Two Weeks Comics In Twenty Pictures

You don't get more essential and succinct in your basic "love and revenge" plots than this brief excerpt from CHEW: SECRET AGENT POYO #1. If you thought the CHEW creators had gone to ridiculous lengths to established the undead cyborg rooster's bad-assery before, wait till you read this, a true work of art in hyperbole.



Two Weeks Comics In Twenty Pictures

Charles Xavier, that is, the "World's premier telepath" – or so it used to go. Professor X has fallen out of favour in the past few years, a necessary sacrifice for the rise (and emancipation) of Cyclops into his new role as leader of the mutant race. In AVX #8 Xavier finally steps up against the Phoenix Fiv- er, make that Four (after Namor's cataclysmic defeat at the hands of the Avengers and the Force's reshuffling amongst the remaining hosts). I miss the old Xavier, he was a formidable and fascinating character, both power-wise and in his blind determination to his cause that tended to lead to all sorts of badly thought-through fuck-ups.


Two Weeks Comics In Twenty Pictures

Most awesome moment of the month: Thor blowing Emma Frost's diamond form into a cloud of crystal shards (in a nice nod to the original Morrison run), only for her to regain control of each shard, rain down on him with glamorous fury and then reconstitute herself telekinetically. And to think I had initially doubted AVX VS #4.


I've been picking up the hints towards an eventual "Dark Cypher Saga" in DnA's work for months now, and NEW MUTANTS #45-46 is where it all finally comes to a head as Future Doug Ramsey strikes the team through the older time-travelling refugees Cannonball and Karma. Ramsey has been growing in power and creepiness with every story since the pair took over as writers, reinterpreting his language powers into something very conceptual and far-reaching. This book has been an excellent continuation of the themes and mood of the very best stories of the original New Mutants run, it will be a shame to see it end before Marvel Now. A BLOODY SHAME, do you hear me?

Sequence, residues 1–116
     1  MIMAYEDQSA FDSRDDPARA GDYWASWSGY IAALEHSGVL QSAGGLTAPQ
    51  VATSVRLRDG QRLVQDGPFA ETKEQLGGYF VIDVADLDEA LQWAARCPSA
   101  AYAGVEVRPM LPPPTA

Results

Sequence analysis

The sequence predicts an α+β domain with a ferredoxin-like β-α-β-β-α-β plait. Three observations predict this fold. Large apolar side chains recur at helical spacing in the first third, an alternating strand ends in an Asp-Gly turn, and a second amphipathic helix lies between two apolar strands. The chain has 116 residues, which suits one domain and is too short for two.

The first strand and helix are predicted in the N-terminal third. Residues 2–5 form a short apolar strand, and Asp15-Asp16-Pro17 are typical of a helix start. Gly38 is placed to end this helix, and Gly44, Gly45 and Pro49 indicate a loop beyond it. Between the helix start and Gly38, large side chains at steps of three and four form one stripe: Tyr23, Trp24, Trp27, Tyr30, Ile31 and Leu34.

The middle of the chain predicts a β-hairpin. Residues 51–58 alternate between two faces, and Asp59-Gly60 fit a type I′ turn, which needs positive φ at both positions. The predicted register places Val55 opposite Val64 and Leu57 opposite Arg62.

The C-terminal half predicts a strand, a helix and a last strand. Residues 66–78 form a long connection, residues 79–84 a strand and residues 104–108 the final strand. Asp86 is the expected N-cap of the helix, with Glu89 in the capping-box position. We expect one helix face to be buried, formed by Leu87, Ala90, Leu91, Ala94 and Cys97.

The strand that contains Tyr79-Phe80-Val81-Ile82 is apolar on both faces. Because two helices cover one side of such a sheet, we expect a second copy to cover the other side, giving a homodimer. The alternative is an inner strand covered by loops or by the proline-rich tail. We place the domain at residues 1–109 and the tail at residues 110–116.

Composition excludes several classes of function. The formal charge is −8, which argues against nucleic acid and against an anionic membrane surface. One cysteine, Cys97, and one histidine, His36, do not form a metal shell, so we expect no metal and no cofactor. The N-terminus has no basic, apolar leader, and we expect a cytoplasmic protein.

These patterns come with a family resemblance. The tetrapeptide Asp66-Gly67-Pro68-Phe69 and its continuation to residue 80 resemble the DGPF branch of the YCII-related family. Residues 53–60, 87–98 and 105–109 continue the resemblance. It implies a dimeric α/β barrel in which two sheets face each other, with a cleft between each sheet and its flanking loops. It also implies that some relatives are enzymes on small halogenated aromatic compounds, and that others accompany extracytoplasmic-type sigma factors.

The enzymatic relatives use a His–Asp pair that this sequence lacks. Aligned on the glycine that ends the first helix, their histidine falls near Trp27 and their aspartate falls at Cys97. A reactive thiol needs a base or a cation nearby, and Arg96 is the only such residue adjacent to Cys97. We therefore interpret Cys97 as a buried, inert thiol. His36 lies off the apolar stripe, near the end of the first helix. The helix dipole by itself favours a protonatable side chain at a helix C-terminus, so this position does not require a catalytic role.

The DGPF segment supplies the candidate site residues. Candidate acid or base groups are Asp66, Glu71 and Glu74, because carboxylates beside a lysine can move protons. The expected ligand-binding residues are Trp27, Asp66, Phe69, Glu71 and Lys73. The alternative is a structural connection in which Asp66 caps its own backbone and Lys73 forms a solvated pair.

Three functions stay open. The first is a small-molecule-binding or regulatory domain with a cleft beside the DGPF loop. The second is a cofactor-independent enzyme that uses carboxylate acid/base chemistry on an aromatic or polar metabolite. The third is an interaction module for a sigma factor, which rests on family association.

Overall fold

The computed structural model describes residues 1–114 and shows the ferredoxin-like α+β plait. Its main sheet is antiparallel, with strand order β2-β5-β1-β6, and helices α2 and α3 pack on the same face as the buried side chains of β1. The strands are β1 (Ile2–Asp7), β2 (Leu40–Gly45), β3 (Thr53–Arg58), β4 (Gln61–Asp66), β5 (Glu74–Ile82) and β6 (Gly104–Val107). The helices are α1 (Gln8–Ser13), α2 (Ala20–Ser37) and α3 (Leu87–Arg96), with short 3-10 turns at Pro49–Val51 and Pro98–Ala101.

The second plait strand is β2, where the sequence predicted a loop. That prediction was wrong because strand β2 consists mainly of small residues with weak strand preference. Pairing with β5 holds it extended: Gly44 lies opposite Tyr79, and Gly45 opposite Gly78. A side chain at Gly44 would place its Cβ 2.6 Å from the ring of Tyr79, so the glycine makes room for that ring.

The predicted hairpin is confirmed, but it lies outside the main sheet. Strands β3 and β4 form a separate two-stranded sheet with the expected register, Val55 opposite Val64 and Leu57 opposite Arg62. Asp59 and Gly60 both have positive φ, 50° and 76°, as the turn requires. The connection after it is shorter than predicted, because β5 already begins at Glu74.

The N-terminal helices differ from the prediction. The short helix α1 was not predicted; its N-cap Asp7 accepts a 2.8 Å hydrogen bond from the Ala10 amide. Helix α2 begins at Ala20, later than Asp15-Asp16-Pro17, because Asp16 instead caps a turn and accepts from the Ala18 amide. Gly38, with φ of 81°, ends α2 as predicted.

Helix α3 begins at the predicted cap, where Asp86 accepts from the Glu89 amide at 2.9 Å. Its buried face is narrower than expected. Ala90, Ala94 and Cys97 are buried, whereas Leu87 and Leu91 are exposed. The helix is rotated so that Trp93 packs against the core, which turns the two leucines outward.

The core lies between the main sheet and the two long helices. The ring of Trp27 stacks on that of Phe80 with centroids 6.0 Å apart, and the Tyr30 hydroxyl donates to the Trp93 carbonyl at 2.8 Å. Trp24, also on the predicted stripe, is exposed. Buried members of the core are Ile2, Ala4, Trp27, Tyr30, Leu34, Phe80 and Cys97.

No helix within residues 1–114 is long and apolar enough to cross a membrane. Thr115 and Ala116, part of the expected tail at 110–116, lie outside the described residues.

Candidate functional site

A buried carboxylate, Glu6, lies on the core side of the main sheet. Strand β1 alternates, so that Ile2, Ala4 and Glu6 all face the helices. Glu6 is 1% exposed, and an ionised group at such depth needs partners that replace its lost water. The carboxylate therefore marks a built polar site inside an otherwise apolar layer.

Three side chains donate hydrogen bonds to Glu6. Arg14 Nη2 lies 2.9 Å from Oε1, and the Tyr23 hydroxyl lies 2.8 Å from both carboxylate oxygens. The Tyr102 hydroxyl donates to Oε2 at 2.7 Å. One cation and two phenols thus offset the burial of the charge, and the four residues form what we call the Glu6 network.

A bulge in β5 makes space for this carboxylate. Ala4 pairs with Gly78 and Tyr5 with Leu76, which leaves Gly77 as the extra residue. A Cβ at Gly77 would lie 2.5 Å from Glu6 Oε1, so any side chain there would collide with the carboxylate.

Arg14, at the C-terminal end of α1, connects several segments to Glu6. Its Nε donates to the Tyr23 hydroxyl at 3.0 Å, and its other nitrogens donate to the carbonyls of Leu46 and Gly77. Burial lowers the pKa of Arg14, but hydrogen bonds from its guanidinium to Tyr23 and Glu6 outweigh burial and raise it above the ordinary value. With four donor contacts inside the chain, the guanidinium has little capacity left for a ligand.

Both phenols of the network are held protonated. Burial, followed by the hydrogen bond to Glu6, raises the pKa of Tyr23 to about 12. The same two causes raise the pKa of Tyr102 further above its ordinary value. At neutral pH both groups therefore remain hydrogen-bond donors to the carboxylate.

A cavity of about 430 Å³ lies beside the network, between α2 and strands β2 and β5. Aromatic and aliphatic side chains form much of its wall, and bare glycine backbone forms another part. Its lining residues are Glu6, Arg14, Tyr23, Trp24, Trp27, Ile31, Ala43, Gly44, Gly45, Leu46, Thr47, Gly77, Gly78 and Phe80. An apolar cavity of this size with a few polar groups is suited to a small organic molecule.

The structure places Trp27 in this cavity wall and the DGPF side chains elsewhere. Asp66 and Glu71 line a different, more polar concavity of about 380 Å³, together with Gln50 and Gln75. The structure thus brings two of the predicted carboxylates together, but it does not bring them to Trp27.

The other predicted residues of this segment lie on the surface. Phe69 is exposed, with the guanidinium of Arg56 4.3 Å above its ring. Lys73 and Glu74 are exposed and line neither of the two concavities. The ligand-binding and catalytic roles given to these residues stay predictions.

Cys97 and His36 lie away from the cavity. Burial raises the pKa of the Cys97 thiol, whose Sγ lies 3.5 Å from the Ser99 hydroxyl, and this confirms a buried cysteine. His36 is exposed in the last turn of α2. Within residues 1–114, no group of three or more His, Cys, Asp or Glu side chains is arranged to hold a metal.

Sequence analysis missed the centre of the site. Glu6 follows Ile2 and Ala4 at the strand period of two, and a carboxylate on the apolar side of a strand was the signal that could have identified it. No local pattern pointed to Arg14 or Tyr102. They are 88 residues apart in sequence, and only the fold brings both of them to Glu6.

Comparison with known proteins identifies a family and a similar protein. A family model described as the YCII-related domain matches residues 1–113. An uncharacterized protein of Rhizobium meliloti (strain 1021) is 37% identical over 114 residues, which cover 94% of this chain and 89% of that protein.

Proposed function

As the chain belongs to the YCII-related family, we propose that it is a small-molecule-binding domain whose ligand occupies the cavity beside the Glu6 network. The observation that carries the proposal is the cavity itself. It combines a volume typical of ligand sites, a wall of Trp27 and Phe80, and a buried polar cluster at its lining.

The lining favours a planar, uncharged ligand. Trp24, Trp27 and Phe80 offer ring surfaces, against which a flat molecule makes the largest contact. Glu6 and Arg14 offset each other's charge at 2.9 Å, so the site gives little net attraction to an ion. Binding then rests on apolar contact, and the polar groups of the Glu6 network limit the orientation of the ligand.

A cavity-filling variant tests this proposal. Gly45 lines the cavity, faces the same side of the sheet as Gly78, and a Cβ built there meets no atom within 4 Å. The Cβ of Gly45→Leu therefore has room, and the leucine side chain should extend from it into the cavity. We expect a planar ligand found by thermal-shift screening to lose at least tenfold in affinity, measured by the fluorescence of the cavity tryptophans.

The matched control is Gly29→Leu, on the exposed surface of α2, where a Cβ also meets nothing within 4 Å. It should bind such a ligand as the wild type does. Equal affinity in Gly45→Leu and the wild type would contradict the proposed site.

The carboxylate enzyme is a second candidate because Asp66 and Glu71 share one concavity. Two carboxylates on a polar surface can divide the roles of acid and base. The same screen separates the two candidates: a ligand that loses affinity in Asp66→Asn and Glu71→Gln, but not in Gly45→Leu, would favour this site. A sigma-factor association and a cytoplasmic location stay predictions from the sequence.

Two Weeks Comics In Twenty Pictures



Don't you just hate it when this happens to two of your favourite childhood fairytale characters? One is driven insane and orders the other one slain and served to them as a meal… raw. FABLES #119 is the most gruesome issue of the Vertigo series to date. Therese's transformation from sweet little girl into what she was prophesied of becoming a few issues back came rather abruptly and shockingly and is one of the title's most cruel (and fascinating) twists. With the title's immense popularity and guaranteed longevity, I'd assumed Willingham would have been playing a more Claremontian "long con" with his character arcs.


Two Weeks Comics In Twenty Pictures

Yes, that's the Rangers on the last page of SCARLET SPIDER #7. Texas Twister, Firebird, Living Lightning and… well, no idea – but the next issue can't come here fast enough! #80sgeek

WALKING DEAD #100 is of course the book of the week (and it seems a record bursting big-seller on its own merits, give or take a dozen covers or so) with probably the most gut-wrenching death scene we've ever witnessed in comics. Or at least since the last time Kirkman did the same thing in an anniversary issue of the book. On the other side of the sales spectrum, ULTIMATE X-MEN is the most under-ordered and underappreciated new launch from Marvel, I urge people (and especially lapsed X-fans) to give it a try.

It's puzzling how the best books Marvel is putting out seem to be landing towards the low end of the top 100, overwhelmed by the barrage of crossover tie-ins and the almost uniformly average bulk of DC's superhero titles.


















About Rich Johnston

Founder of Bleeding Cool. The longest-serving digital news reporter in the world, since 1992. Author of The Flying Friar, Holed Up, The Avengefuls, Doctor Who: Room With A Deja Vu, The Many Murders Of Miss Cranbourne, Chase Variant. Lives in South-West London, works from Blacks on Dean Street, shops at Piranha Comics. Father of two. Political cartoonist.